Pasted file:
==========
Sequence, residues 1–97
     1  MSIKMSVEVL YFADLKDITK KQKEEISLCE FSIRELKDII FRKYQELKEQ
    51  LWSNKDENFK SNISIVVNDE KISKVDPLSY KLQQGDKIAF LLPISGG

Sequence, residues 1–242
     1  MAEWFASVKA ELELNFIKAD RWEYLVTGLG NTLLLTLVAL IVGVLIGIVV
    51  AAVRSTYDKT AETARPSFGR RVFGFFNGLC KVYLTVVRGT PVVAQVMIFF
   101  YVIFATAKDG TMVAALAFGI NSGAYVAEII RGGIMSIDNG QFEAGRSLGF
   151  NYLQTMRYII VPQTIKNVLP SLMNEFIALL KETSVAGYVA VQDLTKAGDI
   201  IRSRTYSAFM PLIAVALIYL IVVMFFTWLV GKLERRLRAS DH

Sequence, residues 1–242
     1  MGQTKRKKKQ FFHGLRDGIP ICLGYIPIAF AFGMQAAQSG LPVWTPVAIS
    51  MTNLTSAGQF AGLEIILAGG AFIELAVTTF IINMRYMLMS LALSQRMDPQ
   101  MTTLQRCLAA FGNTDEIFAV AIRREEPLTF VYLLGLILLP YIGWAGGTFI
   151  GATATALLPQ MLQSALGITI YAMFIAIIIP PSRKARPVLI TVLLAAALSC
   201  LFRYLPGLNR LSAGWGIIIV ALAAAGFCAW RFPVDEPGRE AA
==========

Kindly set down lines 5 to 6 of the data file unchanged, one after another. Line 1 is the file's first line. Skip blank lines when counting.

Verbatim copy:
     1  MAEWFASVKA ELELNFIKAD RWEYLVTGLG NTLLLTLVAL IVGVLIGIVV
    51  AAVRSTYDKT AETARPSFGR RVFGFFNGLC KVYLTVVRGT PVVAQVMIFF